PORT GIBSON, Miss. (AP) — Entergy Corp. and the union security guards that it locked out of the Grand Gulf nuclear plant are squabbling over mandatory overtime.
Leaders of the United Government Security Officers of America said in a statement Thursday that guards are being forced to work too much overtime at Mississippi's only nuclear plant.
"The issues that Entergy refuses to address are related to poor morale and over-working, which leads to fatigue and a threat of security," the union said. It wants Entergy to hire more guards and provide negotiated vacation time.
Union leaders said Entergy is abusing a process whereby the company submits waivers to the Nuclear Regulatory Commission to allow guards to work more hours than federal rules normally permit.
Entergy Nuclear, the division which operates Grand Gulf and other atomic plants, denied Friday that it's abusing such waivers.
"All Entergy Nuclear plants operate in strict compliance with federal fitness for duty programs and the nuclear fatigue rule, established by the Nuclear Regulatory Commission, to ensure employees are ready to perform their duties and do not work excessive overtime," spokesman Mike Bowling said in a statement. "These regulations have been strictly followed at Grand Gulf.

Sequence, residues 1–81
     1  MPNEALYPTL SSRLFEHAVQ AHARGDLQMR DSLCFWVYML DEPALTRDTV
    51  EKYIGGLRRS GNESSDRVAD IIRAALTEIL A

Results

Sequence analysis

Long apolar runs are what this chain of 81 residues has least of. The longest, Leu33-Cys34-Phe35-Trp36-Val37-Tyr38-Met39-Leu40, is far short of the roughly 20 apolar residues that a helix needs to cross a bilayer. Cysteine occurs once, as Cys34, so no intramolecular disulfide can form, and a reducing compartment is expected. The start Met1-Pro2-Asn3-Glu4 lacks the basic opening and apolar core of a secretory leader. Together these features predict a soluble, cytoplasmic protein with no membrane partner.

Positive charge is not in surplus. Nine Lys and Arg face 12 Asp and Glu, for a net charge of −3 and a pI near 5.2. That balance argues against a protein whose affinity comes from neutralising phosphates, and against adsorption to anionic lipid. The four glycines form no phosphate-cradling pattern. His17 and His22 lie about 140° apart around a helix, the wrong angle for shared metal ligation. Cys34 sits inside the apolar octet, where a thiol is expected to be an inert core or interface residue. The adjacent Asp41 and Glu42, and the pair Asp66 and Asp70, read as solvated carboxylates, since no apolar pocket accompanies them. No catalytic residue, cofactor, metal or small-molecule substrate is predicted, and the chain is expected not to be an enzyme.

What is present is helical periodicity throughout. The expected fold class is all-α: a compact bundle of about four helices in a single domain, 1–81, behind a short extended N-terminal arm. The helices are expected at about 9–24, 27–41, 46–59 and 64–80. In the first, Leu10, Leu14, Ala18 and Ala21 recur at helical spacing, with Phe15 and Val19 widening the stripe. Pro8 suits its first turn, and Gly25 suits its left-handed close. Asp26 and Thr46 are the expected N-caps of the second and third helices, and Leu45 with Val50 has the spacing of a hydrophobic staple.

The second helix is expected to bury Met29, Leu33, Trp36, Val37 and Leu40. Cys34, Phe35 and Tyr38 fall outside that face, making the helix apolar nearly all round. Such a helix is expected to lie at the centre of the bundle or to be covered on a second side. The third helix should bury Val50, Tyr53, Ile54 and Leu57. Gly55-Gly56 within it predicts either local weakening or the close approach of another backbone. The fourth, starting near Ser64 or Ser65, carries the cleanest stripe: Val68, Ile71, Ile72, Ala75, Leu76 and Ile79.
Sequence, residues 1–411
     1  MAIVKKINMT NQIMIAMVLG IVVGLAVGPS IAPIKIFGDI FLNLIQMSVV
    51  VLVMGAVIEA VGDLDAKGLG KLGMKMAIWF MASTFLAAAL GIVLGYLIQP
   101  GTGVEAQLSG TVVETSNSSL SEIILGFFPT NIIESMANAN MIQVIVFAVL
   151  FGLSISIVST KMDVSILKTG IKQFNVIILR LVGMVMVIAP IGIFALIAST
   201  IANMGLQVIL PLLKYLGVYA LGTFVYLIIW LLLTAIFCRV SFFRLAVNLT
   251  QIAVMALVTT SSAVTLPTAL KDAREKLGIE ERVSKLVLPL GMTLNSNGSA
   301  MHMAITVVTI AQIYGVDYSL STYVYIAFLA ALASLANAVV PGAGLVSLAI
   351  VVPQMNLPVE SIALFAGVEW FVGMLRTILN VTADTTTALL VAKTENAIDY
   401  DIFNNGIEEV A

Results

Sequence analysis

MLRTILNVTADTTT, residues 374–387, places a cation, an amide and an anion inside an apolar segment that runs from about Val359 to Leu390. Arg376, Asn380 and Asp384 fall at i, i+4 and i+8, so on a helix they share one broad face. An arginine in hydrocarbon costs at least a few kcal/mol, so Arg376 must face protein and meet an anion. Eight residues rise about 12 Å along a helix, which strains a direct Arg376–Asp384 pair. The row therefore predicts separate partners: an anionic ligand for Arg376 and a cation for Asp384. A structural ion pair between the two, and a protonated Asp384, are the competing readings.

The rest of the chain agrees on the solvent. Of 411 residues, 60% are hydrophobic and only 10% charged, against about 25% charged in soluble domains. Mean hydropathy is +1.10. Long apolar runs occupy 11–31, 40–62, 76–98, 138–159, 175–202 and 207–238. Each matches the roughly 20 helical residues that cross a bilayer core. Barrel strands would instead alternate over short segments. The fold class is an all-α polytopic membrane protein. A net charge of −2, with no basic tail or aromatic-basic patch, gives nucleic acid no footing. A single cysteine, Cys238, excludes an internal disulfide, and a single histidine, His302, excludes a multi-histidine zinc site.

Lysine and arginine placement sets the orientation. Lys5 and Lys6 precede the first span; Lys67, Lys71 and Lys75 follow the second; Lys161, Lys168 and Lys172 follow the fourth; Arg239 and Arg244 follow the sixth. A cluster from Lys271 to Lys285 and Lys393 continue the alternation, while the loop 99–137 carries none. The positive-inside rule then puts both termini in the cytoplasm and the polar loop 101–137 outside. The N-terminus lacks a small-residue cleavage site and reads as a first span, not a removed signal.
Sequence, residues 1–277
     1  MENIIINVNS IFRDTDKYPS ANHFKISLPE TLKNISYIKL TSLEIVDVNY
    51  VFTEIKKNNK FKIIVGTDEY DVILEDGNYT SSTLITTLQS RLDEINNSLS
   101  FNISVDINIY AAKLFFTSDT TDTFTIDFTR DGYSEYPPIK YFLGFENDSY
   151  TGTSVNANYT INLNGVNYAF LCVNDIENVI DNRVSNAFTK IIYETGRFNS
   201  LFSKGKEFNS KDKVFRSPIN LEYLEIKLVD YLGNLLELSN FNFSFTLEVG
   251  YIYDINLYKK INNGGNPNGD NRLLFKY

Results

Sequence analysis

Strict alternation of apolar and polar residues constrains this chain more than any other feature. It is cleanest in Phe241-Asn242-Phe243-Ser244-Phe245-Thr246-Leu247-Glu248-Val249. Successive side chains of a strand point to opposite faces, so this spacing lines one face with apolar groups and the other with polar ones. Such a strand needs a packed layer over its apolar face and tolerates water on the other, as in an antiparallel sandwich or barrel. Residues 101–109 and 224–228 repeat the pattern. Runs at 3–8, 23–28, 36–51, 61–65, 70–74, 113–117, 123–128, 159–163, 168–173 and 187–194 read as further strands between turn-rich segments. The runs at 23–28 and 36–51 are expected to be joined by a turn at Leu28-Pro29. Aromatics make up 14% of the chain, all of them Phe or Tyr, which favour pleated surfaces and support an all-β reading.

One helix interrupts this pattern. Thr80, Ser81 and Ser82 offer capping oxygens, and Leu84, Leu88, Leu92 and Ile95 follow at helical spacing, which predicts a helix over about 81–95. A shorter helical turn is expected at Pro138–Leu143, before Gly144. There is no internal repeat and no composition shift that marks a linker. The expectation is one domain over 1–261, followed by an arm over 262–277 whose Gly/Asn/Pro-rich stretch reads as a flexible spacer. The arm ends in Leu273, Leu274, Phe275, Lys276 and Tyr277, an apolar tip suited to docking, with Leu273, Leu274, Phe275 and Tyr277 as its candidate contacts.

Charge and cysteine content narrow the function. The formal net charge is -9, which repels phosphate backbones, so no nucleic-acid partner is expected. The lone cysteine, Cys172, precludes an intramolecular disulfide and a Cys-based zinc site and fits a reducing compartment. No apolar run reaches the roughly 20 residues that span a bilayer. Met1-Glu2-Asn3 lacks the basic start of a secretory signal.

Entergy locked out union members at 12:01 a.m. Monday, after talks failed on a new contract. A previous three-year contract had been extended 30 days to continue negotiations, the Colorado-based union said.
Thursday, members of the union's Local 36 picketed the plant, which is in a rural area southwest of Jackson. Entergy said it had to lock the employees out because they would have been working without a contract and could have left their post at any time. Entergy replaced the union members with "experienced" workers from Grand Gulf and from other Entergy nuclear plants as well as professional security firms.
Both sides say they want to resume talks.
In June, 242 union workers at the Pilgrim nuclear power plant in Plymouth, Mass., were locked out when their contract expired, later rejecting an Entergy contract offer. The company and workers signed a new contract that ended the lockout after four weeks. A contract with a separate group of union workers at the Massachusetts plant expires later this month, with more labor unrest possible.